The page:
Doc has witnessed some of the best parts of humanity, but also the very dark aspects that should never have been seen. Out of those experiences, he still believes that life has a story to be told, even if the narrative shows the good, bad, the beautiful, and the ugly. Some of those stories can be seen in his work with Warriors and Quiet Waters, an organization that helps veterans and their families rekindle their love for the outdoors through fly fishing in Montana. Tonight’s story, American Veteran: A Story Without Words, is a simple, yet complex photographic essay which allows the eyes of over 100 Montana veterans to tell their story. New stories are still being captured around the state of Montana. 


Dr. Ilse-Mari Lee joined Montana State University (Bozeman) in the fall of 1989 and currently serves as Dean of the Honors College. She holds a doctorate in Cello Performance and Pedagogy from the University of Arizona, as well as master’s degrees in Cello Performance, Music Theory and Composition from Northern Illinois University.  

Dr. Lee is active as a concerto soloist, recitalist, and chamber musician, and performs regularly at the Grand Teton Music Festival in Jackson Hole, Wyoming. In 1992, she premiered the Cello Concerto, Opus 55, by Eric Funk. Collaborative efforts include performances with the Moscow, Muir and Fry Street string quartets, and CD releases with classical guitarist Stuart Weber, pianist Michele Levin, and the Muir Quartet.  

As a composer, Dr. Lee’s compositions include works for orchestra, choir, chamber music ensembles and award-winning film scores. Her most recent work, Unearthed for solo cello and digital sound, premiered at Tippet Rise in October 2018. She premiered her cello concerto, Mandela, with the Billings Symphony in 2002, and her tone poem, The Yellowstone Suite, appeared on last October’s Buffalo Crossing concert. 


Ilse-Mari Lee (1962– )
American Veteran: A Story Without Words

From the composer: “The pandemic and uncertainty of current world events has opened our eyes to a deep societal need for human connection and hope. A need for service through empathy and passion for the greater good of humanity.

“Through a collaborative series of musical compositions and a photographic essay, we are striving to honor the dedication and service of our veterans to the communities, our nation, and the world. American Veteran: A Story Without Words originated as a photographic essay to encourage new bonds between veterans and their communities without the distractions of words while evoking emotions of pride and gratitude. This collaboration is the first of a series with a focus on honoring the Billings veterans and expanding across Montana and further. Additional focus of service in the areas of healthcare workers, teachers, first responders, and more will follow over the coming years.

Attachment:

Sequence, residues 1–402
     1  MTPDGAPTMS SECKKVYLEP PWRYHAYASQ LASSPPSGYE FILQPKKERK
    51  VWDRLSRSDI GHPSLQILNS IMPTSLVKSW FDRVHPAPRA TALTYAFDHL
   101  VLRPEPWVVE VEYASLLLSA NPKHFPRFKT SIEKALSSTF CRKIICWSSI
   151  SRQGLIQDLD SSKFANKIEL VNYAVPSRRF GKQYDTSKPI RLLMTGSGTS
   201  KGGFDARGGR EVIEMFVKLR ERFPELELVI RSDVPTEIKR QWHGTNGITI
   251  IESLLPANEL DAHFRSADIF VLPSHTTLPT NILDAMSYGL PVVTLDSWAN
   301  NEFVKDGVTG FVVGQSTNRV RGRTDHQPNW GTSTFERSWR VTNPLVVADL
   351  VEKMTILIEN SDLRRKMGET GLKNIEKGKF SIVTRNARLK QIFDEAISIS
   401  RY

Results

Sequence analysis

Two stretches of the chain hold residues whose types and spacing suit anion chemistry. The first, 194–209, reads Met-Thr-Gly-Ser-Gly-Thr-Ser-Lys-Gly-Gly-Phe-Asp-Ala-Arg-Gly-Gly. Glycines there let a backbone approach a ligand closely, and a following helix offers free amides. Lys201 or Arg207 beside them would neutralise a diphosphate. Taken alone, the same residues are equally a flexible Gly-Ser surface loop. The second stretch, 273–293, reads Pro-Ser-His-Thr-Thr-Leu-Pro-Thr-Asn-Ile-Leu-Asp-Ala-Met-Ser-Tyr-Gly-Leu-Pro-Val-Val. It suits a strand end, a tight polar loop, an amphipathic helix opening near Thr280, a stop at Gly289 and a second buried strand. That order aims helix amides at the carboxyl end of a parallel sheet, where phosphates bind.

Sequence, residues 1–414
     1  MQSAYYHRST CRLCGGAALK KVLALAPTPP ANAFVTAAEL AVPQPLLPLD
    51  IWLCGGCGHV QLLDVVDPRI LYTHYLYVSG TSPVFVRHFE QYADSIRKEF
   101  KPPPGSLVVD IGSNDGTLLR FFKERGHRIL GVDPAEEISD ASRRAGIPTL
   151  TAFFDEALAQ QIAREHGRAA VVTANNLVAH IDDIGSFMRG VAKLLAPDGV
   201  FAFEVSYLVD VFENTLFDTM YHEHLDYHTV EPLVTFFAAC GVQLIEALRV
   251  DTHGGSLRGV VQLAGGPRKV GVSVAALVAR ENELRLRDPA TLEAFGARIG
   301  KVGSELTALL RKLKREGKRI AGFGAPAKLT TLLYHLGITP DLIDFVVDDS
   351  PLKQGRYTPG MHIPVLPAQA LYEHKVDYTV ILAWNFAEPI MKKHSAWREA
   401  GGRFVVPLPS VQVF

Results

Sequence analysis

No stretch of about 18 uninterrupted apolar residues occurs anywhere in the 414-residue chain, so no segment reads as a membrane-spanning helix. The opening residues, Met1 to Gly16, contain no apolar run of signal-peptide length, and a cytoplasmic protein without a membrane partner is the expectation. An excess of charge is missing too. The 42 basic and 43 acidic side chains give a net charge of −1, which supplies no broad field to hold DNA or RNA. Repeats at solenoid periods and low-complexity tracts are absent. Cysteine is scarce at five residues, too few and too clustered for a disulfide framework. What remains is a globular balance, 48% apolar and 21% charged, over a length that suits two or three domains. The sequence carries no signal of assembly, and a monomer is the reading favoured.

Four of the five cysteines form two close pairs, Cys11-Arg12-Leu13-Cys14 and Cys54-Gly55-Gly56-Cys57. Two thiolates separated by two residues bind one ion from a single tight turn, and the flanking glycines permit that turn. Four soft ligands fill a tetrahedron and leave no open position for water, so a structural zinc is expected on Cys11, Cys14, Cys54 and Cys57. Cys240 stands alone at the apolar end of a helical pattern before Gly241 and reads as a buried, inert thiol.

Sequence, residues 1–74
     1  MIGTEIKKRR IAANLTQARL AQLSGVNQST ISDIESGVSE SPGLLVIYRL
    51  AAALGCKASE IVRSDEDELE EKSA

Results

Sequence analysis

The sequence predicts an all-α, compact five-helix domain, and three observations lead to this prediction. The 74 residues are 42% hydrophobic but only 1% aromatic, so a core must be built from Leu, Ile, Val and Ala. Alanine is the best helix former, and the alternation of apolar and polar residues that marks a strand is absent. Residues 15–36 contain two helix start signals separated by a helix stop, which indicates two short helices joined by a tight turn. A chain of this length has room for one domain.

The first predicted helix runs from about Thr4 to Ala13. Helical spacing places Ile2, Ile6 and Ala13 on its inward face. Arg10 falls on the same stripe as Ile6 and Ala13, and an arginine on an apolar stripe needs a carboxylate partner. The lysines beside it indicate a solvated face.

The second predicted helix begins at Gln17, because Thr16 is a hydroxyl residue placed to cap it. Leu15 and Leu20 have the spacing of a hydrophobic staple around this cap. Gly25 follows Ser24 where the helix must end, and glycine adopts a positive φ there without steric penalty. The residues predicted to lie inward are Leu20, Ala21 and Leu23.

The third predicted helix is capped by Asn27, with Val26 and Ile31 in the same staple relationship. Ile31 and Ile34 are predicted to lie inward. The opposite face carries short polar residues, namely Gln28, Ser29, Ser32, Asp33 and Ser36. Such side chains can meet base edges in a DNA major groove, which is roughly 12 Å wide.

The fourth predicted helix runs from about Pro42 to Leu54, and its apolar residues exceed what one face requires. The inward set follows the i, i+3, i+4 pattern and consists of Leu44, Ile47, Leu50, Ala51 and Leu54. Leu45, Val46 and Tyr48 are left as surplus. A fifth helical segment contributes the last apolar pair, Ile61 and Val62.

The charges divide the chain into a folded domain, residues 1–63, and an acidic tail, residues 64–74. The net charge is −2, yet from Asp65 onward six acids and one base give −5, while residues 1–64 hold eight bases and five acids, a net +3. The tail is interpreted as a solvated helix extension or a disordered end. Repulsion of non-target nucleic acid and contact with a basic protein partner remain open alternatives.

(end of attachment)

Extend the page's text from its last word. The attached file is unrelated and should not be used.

“An original composition for the Billings Symphony Orchestra, American Veteran features black and white images of Billings veterans photographed by Marcus “Doc” Cravens, a veteran who has devoted his life’s work to photographing American veterans and documenting their lived experiences. The projected images are accompanied by a performance of my original score for strings and solo trumpet, inspired by the valor and service of our veterans.”


Wolfgang Amadeus Mozart (1756–1791)
Symphony in D Major

Although Mozart’s genius found fruition in almost every musical form of his time, he was essentially an operatic composer at heart. “Do not forget how much I desire to compose operas,” he wrote his father in 1778. “I envy anyone who is composing one. I could weep for vexation when I hear or see an aria.”

Just a few years earlier, an 18-year-old Mozart composed his eighth lyric work, La Finta Giardiniera (The Pretend Garden Girl), on a commission by Maximilian III for the 1775 Munich Carnival. Enthusiastically received by audiences, the comic opera—the composer’s second—was panned by critics, largely for its rather awkward libretto attributed to Giuseppe Petrosselini. La finta marks the emergence of Mozart’s mature style, giving us a look at the humanity and humor he would continue to bring to his characters.

Within a year of the opera’s short run, Mozart combined the first two movements of the overture with a third movement in the style of a rustic dance to form the Symphony in D major.

Symphony No. 40